New Cherokee updated before launch
While the Grand Cherokee flagship has maintained its presence at the top of the Jeep totem pole, the original Cherokee nameplate has been missing since the demise of the boxy little four-litre, six-cylinder station wagon some years ago - a model which at least one IOL Motoring staffer is convinced was the last Jeep (other than the Wrangler, of course) that was worthy of the name.
But now there's a new Cherokee, as different from the mini-Wagoneer of the 1990s as it could possibly be and still have a seven-barred grille.
So different, in fact, that early, leaked pictures caused a veritable firestorm of negative comment and, we strongly suspect, led to minor styling changes between the first official photoset and the Cherokees that crawled sheepishly on to the Jeep stand at the New York auto show on Wednesday.
But more of that later; first the nuts and bolts.
It's no secret that the new Cherokee is actually a Fiat, built on the Group's Compact US Wide platform, which it also shares with the new Dodge Dart.
The CUS-wide architecture is comprised of common, modular and interchangeable components that allow for changes in wheelbase, front track, rear track, front overhang, length and width across vehicle lines.
In the case of the new Cherokee, 65 percent of the body shell is made of high-strength alloy steel for strength and stiffness, while keeping the weight of the structure down to a tight target.
The standard engine for the new Cherokee is also Fiat-sourced - the 2.4-litre, four-cylinder, 16-valve MultiAir 2, rated at 137kW and 232Nm.
The MultiAir electro-hydraulic, fully variable valve-lift set-up uses a column of oil in place of the traditional mechanical link between the camshaft and intake valves for very precise control of valve opening and (more importantly) closing, reducing engine pumping losses and increasing volumetric efficiency.
And that, as we all know, means lower fuel consumption and emissions - in this case, an estimated 9.8 litres per 100km on the open road.
For those who still believe that there is no substitute for cubic inches, however, there is also the new, all-American, 3.2-litre Pentastar V6, derived from Chrysler's very successful 3.6-litre engine of the same name.
The 3.2-litre version is rated at 200kW and 325Nm, and bestows on the new Cherokee an impressive towing ability of 2045kg.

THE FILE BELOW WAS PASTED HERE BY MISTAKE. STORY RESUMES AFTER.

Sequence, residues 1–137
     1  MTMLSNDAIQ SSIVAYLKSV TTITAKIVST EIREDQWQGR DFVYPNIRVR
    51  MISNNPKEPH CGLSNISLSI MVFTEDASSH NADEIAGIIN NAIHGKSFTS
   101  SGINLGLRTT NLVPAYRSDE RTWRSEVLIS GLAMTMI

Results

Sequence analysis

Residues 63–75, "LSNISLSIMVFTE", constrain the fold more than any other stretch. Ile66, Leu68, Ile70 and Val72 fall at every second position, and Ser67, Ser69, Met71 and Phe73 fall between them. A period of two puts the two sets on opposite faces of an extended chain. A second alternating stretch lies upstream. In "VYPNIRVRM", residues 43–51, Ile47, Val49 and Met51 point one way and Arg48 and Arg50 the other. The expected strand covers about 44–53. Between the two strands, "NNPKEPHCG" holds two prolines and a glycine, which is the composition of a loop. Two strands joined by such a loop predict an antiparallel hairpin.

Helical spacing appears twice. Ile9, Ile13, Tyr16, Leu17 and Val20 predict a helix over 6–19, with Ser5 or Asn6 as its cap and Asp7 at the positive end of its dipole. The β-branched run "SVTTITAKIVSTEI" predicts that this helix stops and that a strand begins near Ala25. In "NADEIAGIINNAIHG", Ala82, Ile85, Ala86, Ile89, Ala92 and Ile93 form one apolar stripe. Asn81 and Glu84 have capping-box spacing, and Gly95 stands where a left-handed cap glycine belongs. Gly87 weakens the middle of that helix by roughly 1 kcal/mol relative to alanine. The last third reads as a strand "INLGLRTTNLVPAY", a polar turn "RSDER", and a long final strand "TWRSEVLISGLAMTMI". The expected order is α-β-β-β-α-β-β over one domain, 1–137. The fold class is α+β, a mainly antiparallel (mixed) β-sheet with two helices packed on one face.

But whichever engine you choose, it will come with Chrysler's 948TE nine-speed automatic transmission, which they claim is the first nine-speeder in a mid-sized SUV.
It will also have all-independent suspension with Macpherson front struts and a multi-link rear set-up, and a Fiat-sourced electronic power steering system that contributes to the Cherokee's tight tunring circle of 10.9 metres in two-wheel drive variants (yes Cyril, you read right: two-wheel drive), 11.6 metres in all-wheel drive models and 11.9 metres in the Trailhawk off-road model.
The Jeep Cherokee is also the first mid-sized with rear-axle disconnect, which saves fuel by seamlessly switching between two and four-wheel drive as required drive, without any input from the driver.
DUE IN SOUTH AFRICA EARLY IN 2014
The 2014 Jeep Cherokee will be available in the US from the third quarter of 2013 (and in South Africa from early in 2014) in four variants - Sport, Latitude, Limited and the rugged, 'trail rated' Trailhawk.
Customers will also be able to choose from three new all-wheel drive systems, all with the Selec-Terrain traction control system, which allows the driver to choose from five on and off-road settings: Auto, Snow, Sport, Sand/Mud and Rock.
The system electronically coordinates 12 systems for enhanced control on any terrain, including drivetrain control, electronic brake control, electronic stability control, the transmission controller, powertrain controller, hill hold and hill descent systems.
Available on Sport, Latitude and Limited models, Active Drive I has a single power transfer unit, that's fully automatic and delivers seamless operation in and out of four-wheel drive at any speed, as required. The system also automatically corrects yaw, understeer and oversteer.
Also available on the three 'street' models, Active Drive II includes a two-speed power transfer unit with torque management and low range. Low range provides a 2.92:1 gear reduction, for extra climbing ability and outstanding crawl ratios for severe off-road conditions, while 4-Low mode locks the front and rear drive shafts for low-speed power or towing.
Cherokees with Active Drive II also have an extra 25mm of ride height.
Active Drive Lock is standard on the Trailhawk, and includes all the features of Jeep Active Drive II, as well as a locking rear differential.
The shape of the new Cherokee was intended to have 'global appeal' - i.e. as a world car; sadly however, the designers appear to have fallen between two stools, ending up with rounded and flowing lines that move completely away from the capable, workmanlike shapes of the original Willys Jeep but also lack any trace of the purposeful, slightly sporty sleekness of recent SUV's such as the Range Rover Evoque.
The best we can say about the 'street' variants is that they look unfinished, while the design of the Trailhawk off-roader (particularly the front treatment) is fragmented and incoherent - yet still manages to look a lot better than the plainer Jane versions.